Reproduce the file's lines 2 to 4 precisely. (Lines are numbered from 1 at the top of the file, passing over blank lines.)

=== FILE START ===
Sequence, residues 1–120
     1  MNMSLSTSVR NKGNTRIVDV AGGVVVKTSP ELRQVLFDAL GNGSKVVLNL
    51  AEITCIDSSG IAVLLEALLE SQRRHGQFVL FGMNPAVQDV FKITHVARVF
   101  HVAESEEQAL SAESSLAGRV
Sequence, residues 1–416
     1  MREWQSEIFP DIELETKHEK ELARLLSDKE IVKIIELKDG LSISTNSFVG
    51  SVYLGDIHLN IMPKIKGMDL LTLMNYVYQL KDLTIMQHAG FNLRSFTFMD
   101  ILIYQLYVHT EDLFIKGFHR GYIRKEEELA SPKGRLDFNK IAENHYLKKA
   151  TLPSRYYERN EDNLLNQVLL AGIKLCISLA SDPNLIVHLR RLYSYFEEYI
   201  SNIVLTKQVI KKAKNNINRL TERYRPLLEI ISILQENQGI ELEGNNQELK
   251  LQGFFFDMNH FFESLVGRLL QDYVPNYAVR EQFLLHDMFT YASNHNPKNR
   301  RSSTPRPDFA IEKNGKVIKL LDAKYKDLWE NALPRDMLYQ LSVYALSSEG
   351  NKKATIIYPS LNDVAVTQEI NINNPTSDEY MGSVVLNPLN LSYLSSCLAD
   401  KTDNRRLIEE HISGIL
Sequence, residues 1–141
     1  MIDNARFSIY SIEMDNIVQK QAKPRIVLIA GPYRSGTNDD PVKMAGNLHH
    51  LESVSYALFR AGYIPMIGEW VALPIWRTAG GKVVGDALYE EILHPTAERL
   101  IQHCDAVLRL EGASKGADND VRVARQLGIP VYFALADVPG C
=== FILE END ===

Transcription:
     1  MNMSLSTSVR NKGNTRIVDV AGGVVVKTSP ELRQVLFDAL GNGSKVVLNL
    51  AEITCIDSSG IAVLLEALLE SQRRHGQFVL FGMNPAVQDV FKITHVARVF
   101  HVAESEEQAL SAESSLAGRV